[swt/gtk development] Why you should type the odd /*int*/ comment after long

You might have noticed that a lot of code in SWT/GTK has that odd /*int*/ comment after a long declaration.

long /*int*/ list 

I turns out the comment is needed for backwards 32 bit support.

So in general you should put it in parameter declarations and in variable declarations:

//Parameter declaration:
Control [] _getChildren (long /*int*/ parentHandle)

//Variable declaration:
long /*int*/ list = OS.gtk_container_get_children (parentHandle);

This is especially important in OS.java which is used to generate C code.

How to tell if you are running Eclipse on Gtk2 or on Gtk3

When troubleshooting Eclipse bugs, I sometimes ask if you are running eclipse on gtk2 or gtk3.

Usually I can tell visually if Eclipse is running on Gtk2 or Gtk3, but this changes depending on your system theme.

In the about section

As Alexander Kurtakov pointed out and described in Lar’s article ,

Help -> About -> Installation Details -> Configuration Tab.

Look for something like:

It’s usually somewhere near line 84 ish. But you can copy the text and search for it in your text editor.

Note, if this line is missing altogether, you’re (very most likely) running Eclipse on Gtk2.

See what version is on your system

You can find out which version of gtk is installed on your system by running pkg-config (you might need to install it first). This gives you an indication of which version of gtk eclipse might be using.

pkg-config --modversion gtk+-3.0

Force Eclipse to use either gtk2 / gtk3

You can force Eclipse to use a certain version of gtk:

#Gtk3 forced:
export SWT_GTK3=1

#Gtk2 forced:
export SWT_GTK3=0

Under gtk3, the entry in the about section should be present like: org.eclipse.swt.internal.gtk.version=3.14.12


[edit 2016-09Sep-08Thu]
This is actually by far the most visited blog entry on my blog (20k+ views)
I reference this page quite often, I made a short/memorable url for it: http://bit.ly/gtk2orgtk3

How to compile various gtk3 versions and run eclipse Apps with those (for SWT Widget testing)


When developing SWT widgets, we need to test them on various GTK versions to ensure backwards compatibility.

There are some tricks and perks involved.

Get Gtk sources

  • Go to the gtk git repo and pull the code: https://git.gnome.org/browse/gtk+/
    (I recommend the https version: https://git.gnome.org/browse/gtk+)
    (if you don’t know how to use eclipse’s EGit, read this)
  • Check out the versions that you’re interested in (e.g 2.24, 3.10, 3.4, 3.8)
    These are found in major Linux distributions (e.g ubuntu 12..).
  • For the time being, check out the newest gtk version (e.g 3.10 at the time of writing).
    (It’s easier to build a newer version than an older one)
  • Open Terminal, go to your checked out gtk branch.
    Run the following commands:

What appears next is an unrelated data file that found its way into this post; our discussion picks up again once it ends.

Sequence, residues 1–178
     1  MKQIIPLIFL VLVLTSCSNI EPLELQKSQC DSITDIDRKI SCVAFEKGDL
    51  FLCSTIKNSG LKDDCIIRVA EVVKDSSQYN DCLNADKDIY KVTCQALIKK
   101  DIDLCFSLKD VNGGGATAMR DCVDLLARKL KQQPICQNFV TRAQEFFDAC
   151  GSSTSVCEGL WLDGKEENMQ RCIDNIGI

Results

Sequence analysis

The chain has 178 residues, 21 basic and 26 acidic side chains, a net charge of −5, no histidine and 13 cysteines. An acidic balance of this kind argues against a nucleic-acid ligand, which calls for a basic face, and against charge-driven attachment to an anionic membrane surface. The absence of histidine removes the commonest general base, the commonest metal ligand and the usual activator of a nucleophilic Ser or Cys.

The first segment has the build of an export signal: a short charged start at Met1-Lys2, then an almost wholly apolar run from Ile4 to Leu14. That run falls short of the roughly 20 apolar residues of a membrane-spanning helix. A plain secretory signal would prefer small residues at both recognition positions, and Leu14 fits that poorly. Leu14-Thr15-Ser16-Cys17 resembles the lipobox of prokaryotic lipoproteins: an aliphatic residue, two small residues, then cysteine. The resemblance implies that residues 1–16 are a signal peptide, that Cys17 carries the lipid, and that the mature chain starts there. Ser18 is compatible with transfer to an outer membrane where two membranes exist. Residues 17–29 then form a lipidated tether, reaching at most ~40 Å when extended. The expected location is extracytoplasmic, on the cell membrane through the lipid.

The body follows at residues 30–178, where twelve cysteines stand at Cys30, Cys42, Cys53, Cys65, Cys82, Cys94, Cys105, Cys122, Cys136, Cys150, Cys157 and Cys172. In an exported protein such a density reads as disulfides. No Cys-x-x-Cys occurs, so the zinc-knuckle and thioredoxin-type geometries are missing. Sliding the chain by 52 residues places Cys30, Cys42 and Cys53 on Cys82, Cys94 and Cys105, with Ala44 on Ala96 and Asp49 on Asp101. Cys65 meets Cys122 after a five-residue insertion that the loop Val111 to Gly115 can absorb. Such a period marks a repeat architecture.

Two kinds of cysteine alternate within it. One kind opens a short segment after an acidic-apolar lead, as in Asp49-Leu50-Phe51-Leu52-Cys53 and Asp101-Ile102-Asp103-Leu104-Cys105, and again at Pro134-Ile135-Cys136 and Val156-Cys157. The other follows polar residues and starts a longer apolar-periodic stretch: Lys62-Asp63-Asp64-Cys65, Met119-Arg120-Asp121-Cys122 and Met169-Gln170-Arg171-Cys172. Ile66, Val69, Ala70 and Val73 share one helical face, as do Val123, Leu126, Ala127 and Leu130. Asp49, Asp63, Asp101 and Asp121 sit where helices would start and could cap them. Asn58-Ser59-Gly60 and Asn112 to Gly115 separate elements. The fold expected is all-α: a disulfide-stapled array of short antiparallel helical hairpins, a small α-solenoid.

./configure --enable-x11-backend --enable-wayland-backend
  • The first time you run the commands, you might run into errors telling you you’re missing something on your system. Inspect autogen.sh to see what it runs and then install the utilities with yum.
  • Now copy gtk to another place on your system. E.g ~/src/gtk2_24 This way you don’t have to recompile this business every time.
  • Now you can build the other versions and similarly copy them to ~/src/gtk*_*
  • NOTE ON gtk3.4 (and maybe older) The Wayland configuration makes certain things look more correct. But sometimes it makes building older versions (like gtk3.4) near impossible due to missing dependencies. In this case, run the configure without these:
     ./autogen.sh ./configure make 

Configure Eclipse to use the gtk you compiled

  • Edit your run-configuration of the code snippet that you want to run.
  • Navigate to “Environmental Variables”
  • Click on “Add”, type in:
    path: #your_compiled_gtk      //e.g /home/lufimtse/src/gtk3_10/gtk/.libs
  • Name your configuration (I reccomend appending gtk version, e.g “ControlExample (g3-10)”)
  • It should look something like this:
    Eclipse env var
  • Now run the configuration and you should see your application rendered in gtk*.*.
    You may note that it won’t have any styling:
    java app in compiled gtk
  • The lack of styling is due to the fact that there is no theaming.
    Now sometimes you might want the compiled gtk to use your system theame to see impact of themes on looks.
    To do so, do as above except run the configuration as following:

    ./configure --prefix=/usr --sysconfdir=/etc --enable-broadway-backend --enable-x11-backend --disable-wayland-backend

    In the interest of comparison: (left native look, right bare look)
    native vs bare

  • Lastly, in your source code, you might want to verify that you’re running the compiled gtk and not your own. Use this line of code:
    System.out.println("GTK Version: " + OS.gtk_major_version() + "." + OS.gtk_minor_version() + "." + OS.gtk_micro_version());